Lessons learned from the FedRAMP journey
- By Steve Boberski
- May 04, 2018
When collab9 successfully completed the FedRAMP certification process our CEO Kevin Schatzle called it one of the greatest achievements in company history.
Becoming the first Unified Communications-as-a-Service (UCaaS) provider to secure FedRAMP authorization required more than two years of dedication, the right strategic partners and more financial investment than we would like to mention.
We set aside two and a half years to become FedRAMP authorized. We hired new employees to focus specifically on the authorization or to fill in holes employees left when we pulled them over to this project. We trusted that the time, budget and attention would prove successful. These are the considerations and investments companies need to dedicate when undergoing the FedRAMP process, but it doesn’t stop when the authorization is awarded.
Lessons Learned from FedRAMP
Heading into 2018, collab9 finds itself as a FedRAMP “veteran.” Not only have we become certified in the process, but we have a year of work under our belt. Throughout this process, and especially over the past year within the FedRAMP program, we learned a lot. Below are a few best practices that other companies can take from our experience.
Making a stronger company
From an operational perspective, adapting many of the processes required to remain in compliance with FedRAMP can make for a stronger company. This means that FedRAMP should always be a prime factor in your organizational decision-making. Steer clear of any changes that would deviate from the processes or security standards that you had in place when achieving the authorization. These standards will only improve how you operate as an organization and enhance the services you offer to customers/partners, both inside and outside of the government.
Authorization is just the beginning
It is important to perform vulnerability scans each month and report back to the FedRAMP Program Management Office (PMO) with the results. FedRAMP also performs a yearly audit which must be completed in order to maintain security authorization. To keep up with the monthly reporting, ongoing assessments, and annual audits, appointing several internal resources to work with the FedRAMP PMO to ensure you remain compliant is important. The investment in the FedRAMP process needs to continue with the dedication of internal resources driving it forward.
Enabling a more efficient government
FedRAMP standards are detailed and complex, making them difficult to both achieve and maintain. With that said, these standards make organizations eligible to store some of the government’s most sensitive data. These high standards are needed, and do pay dividends. We continue to see great value in the program, especially from the vantage point of our federal agency counterparts, who can operate more efficiently and securely, while expediting their technology initiatives by following the assessment framework. Providing that service, and continually working as a partner with the government, will better position you from a competitive standpoint.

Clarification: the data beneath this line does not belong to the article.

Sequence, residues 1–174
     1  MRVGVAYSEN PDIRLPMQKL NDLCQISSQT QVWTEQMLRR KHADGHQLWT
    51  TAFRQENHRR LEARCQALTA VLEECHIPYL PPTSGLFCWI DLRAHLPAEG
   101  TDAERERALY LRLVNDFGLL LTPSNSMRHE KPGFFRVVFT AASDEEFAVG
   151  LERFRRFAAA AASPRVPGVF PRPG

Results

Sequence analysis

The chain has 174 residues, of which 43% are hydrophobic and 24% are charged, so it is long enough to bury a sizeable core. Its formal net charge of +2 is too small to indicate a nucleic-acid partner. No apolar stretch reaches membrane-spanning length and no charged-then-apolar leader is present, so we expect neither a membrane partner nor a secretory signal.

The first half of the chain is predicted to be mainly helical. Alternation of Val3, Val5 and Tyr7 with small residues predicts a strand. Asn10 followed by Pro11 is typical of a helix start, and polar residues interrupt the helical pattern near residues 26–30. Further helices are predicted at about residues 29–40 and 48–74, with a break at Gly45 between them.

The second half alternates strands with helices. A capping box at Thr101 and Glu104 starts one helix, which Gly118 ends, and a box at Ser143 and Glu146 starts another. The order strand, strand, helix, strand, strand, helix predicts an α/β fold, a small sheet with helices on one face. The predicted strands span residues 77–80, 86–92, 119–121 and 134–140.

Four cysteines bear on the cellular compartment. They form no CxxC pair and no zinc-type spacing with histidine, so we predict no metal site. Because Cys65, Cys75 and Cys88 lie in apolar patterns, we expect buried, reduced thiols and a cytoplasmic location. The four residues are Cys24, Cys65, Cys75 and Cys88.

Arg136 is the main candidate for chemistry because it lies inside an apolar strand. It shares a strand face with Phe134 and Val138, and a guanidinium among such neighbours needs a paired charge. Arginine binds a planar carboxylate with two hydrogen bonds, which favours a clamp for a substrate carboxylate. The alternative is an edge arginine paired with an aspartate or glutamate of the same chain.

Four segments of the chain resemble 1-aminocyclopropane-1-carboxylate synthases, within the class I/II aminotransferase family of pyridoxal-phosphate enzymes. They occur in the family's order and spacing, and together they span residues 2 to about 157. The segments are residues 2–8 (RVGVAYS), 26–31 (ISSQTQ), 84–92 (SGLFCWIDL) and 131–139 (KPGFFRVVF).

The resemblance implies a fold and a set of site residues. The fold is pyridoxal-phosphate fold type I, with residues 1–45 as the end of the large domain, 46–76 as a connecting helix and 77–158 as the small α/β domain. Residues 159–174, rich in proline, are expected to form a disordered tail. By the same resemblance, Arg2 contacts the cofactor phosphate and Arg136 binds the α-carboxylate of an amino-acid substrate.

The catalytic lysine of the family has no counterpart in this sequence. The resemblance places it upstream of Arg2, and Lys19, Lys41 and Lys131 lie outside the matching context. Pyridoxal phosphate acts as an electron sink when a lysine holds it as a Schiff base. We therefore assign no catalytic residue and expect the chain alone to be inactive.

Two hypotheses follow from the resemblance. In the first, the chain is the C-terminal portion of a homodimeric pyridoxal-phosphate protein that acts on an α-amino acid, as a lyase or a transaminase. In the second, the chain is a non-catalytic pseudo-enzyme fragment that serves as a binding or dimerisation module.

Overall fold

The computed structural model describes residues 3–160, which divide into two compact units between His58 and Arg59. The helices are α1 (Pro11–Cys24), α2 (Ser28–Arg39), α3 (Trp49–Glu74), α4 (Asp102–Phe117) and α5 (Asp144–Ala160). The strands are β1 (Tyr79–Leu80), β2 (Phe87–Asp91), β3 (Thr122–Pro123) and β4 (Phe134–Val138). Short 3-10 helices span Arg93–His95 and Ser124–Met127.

Leveraging the PMO
We’ve found the FedRAMP PMO to be an exceptional resource. They have provided great support and direction throughout the process. There will always be questions that need a firm answer. The FedRAMP PMO has helped serve as a guide – and should be looked upon as such – to deliver the best options to the government customer as well as to help avoid costly and time-consuming mistakes internally. The FedRAMP PMO is a staunch supporter of the organizations who have secured an authorization, and will work cooperatively to make sure the program is delivering as expected.
The Big Picture
FedRAMP offers a great service to federal agencies, which no longer have to spend time and money performing independent vendor evaluations.
FedRAMP and its security-assessment framework is also of great value to vendors and their channel partners. It’s no secret that cloud-security concerns were pervasive in government and, as a result, cloud adoption among agencies has been delayed at best. FedRAMP helps remove some of that reticence, making it easier for government agencies to migrate to the cloud.
Undertaking the authorization process was not a decision we took on lightly. Thanks to a sponsorship from the Federal Communications Commission we were able to complete the process in less time than expected. In the end we are a better company for completing these steps. That said, each company needs to decide if FedRAMP certification is right for them. It is a strategic decision that can definitely pay dividends, but only if it is pursued correctly and properly maintained/nurtured once an authorization is granted.
Steve Boberski is vice president, business development, with Collab9.